Citation needed. $10 blood oximeters have been publicly available on Amazon since time immemorial. Even if it were the case that someone, somewhere, may die without it (???), one must wonder how someone could afford $350 for an Apple Watch, but not $10...while also having left a paper trail of larger filing fees in every lower court.

    I have nothing nice to say about patents. The trouble is that I also have nothing nice to say about the vast majority of arguments against patents.
  • ballsystemlord - Friday, January 19, 2024 - link

    Okay, you asked for it.

    Let's take water as an example.
    In order to get water, you need a pump. Therefore, motors and wet-ends cannot be patented. Now you have to pump the water from somewhere. Therefore, all pipe, pipe fittings, and plastic polymers which could be used in pipes, all steels, coatings of steel, etc, cannot be patented. In order to get the pump to work, you need electricity. Which means that all wires, wiring harnesses, wiring boxes, wire splices, etc. cannot be patented. In order to get power in the first place you need electricity. Therefore, all generator head, gas motors, LP motors, NG motors, solar panels, wind mill blades, bases, cements, steels, etc, cannot be patented. In order to get solar panels you need semiconductors. Therefore, all lithographic equipment, all semiconductors, all resistors, all inductors, all capacitors, all clean rooms, all materials used in said production cannot be patented.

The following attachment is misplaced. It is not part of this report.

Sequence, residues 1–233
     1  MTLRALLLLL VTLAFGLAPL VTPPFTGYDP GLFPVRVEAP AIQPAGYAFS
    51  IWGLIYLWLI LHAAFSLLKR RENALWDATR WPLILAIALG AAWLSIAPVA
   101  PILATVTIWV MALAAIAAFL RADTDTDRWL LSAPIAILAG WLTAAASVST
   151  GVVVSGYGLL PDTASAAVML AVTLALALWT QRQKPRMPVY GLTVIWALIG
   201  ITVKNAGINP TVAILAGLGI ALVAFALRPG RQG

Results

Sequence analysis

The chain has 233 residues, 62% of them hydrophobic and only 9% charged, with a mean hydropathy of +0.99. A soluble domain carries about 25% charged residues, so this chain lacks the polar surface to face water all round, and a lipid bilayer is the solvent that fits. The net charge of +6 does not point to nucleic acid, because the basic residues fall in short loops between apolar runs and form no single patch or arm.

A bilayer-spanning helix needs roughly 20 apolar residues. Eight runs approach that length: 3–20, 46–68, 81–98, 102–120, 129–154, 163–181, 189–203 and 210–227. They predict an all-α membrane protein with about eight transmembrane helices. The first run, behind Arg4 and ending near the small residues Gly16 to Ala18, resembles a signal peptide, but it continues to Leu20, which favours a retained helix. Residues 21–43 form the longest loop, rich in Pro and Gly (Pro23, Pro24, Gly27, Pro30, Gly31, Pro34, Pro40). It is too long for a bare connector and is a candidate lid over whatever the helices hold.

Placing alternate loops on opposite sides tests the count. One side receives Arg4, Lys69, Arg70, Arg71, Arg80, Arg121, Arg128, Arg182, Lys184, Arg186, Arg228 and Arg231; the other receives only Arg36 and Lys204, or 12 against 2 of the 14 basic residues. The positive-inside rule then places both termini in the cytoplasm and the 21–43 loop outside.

And that's just a brief overview for water. Think about what it would be like if we went into the medical device field...
  • FunBunny2 - Friday, January 19, 2024 - link

    Let's take water as an example."

    about the dumbest example possible. all of the 'things' you've cited have long since exceeded their patents, if any.

    more to the point: smart people do smart things because that's what they do. on one hand, you can entice an athelete to build bigger muscles (and, one hopes, perform better) by offering more moolah. on the other hand, offering people more money to be smart hasn't worked out. they ain't no 'brain push-up' yet invented.
  • ballsystemlord - Friday, January 19, 2024 - link

    Water is well known as a necessity of life. So it's an obvious example, but not dumb by any means.

    As for exceeding their patents, you must not really be aware of what's still patented. Even reading datasheets for stuff you can find plenty of examples of patented things.
    Of course, it's true that the rudimentary form of many things isn't patented anymore. Even I could create a coal power plant, I'm sure, without a single patented piece to the whole thing. But who wants to burn coal?
    Likewise, who wants to pay for an expensive oxygen sensing system when their far less expensive watch could do the job well enough?
  • GeoffreyA - Saturday, January 20, 2024 - link

    In the field of video codecs, patents are often a hindrance to the very technology they're supposed to protect. HEVC's adoption was slowed largely because of it, and it looks as if VVC is going to follow the same path, despite being the state of the art.
  • ballsystemlord - Sunday, January 21, 2024 - link

    GeoffreyA, I totally agree with you. Patents can indeed be a hindrance. They can be overused and misused.
  • mukiex - Friday, January 19, 2024 - link

    It's funny because while this isn't it, there likely ARE life-saving features for the watch that have been locked behind a liability wall for years.

    The watch explicitly mentions that it cannot detect a heart attack, but that's likely because Apple doesn't need a string of billion dollar lawsuits if there's even a 0.001% chance that adding a cardiac event detection feature has a false positive or a false negative. Medical regulations are strict and play ZERO games.